In 2014, Congress adopted the Multiemployer Pension Reform Act (“MPRA”). As discussed in a prior alert, MPRA allows severely underfunded multiemployer plans to apply for Department of Treasury approval to reduce benefits in order to avoid becoming insolvent. MPRA has proven to be wildly unpopular, primarily among retiree groups. Almost immediately after MPRA became law, the Central States Pension Fund applied to reduce benefits, but its application was denied. Other plans’ applications to reduce benefits under MPRA have experienced the same fate.
Trump has not, to date, weighed in on how he would solve the multiemployer pension crisis. But it appears that Congress will need to take action in light of the systemic issues that these plans face. Some movement has already occurred—in September, the Senate Finance Committee advanced the Miners Protection Act, which would transfer money from a federal fund meant for reclaiming abandoned mines to the United Mine Workers of America’s multiemployer pension plan. But the Miners Protection Act would help just one of many multiemployer plans that need financial support. Further Congressional action could come in the form of providing taxpayer dollars to the PBGC, which has historically been funded solely by insurance premiums paid by plan sponsors and employers, or providing such taxpayer dollars directly to impacted multiemployer funds. In short, this is an area that the Trump administration will eventually have to consider addressing.
Hampering Other DOL Initiatives
In recent years, the DOL’s Employee Benefits Security Administration has significantly increased its audit and enforcement activities. This was the result of strong support from the Obama administration, which allowed the DOL to hire a large number of new agents to conduct random and targeted compliance audits of employer-sponsored retirement and group health plans. We expect that the Trump administration will redirect resources such that there will not be the same level of support for these DOL efforts. Nevertheless, because the DOL’s expansion under the Obama administration was slow and deliberate, we expect it will take some time for the DOL’s activities in the benefits area to slow down.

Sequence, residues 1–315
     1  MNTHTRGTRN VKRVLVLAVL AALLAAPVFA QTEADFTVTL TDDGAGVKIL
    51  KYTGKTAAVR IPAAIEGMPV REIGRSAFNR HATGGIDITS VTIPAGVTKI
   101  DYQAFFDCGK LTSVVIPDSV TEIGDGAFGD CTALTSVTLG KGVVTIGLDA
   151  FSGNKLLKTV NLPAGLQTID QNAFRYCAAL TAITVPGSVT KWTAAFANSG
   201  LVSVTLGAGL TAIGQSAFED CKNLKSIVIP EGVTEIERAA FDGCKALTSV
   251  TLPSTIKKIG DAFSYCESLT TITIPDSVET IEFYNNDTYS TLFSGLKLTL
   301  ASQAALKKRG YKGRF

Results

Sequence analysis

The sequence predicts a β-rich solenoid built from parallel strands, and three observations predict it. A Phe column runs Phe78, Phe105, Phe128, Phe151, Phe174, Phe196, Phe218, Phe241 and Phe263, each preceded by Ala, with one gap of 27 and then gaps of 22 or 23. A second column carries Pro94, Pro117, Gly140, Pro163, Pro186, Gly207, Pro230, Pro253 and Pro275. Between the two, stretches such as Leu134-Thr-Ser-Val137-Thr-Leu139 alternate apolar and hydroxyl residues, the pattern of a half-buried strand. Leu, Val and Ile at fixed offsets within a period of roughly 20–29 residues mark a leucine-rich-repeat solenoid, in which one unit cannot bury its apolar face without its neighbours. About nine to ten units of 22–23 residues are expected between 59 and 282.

Potential Reallocation of IRS Retirement Plan Resources
In stark contrast to the DOL’s initiatives, over the past several years the IRS has reduced its resources dedicated to qualified retirement plans. First, the IRS recently announced that it was essentially eliminating the determination letter program in all but a few situations. Second, practitioners have anecdotally noticed that fewer IRS agents seem to be available for processing applications under the IRS’s Employee Plans Compliance Resolution System, which allows retirement plan sponsors to voluntarily correct certain types of plan administration and tax qualification errors. Third, the IRS had for many years been very active in issuing rules and other guidance in the retirement plan area, but over the past several years there has been a concerted shift of IRS resources away from retirement plan rule-making. This is at least in part due to the IRS’s rule-making activity under the ACA. So, if the ACA is repealed or substantially modified, it is possible that additional resources within the IRS will free up and be reallocated towards retirement plans. At the same time, the Trump administration may not provide the same level of overall support to the IRS, which may necessitate further overall cuts to the IRS’s retirement plan resources.
Potential Repeal of Dodd-Frank Executive Compensation Rules
The Dodd-Frank Wall Street Reform and Consumer Protection Act (“Dodd-Frank”) contains provisions that significantly impact the Securities and Exchange Commission’s (“SEC’s”) regulation of public company executive compensation disclosures. So far, the SEC has issued final rules under Dodd-Frank that require mandatory clawbacks of incentive compensation paid to executives under certain circumstances and a new annual disclosure of the ratio between the CEO’s pay to the company’s median employee pay. Trump has stated that he will repeal Dodd-Frank, including these clawback and disclosure requirements. It is not yet clear whether he would replace Dodd-Frank with new legislation or regulations.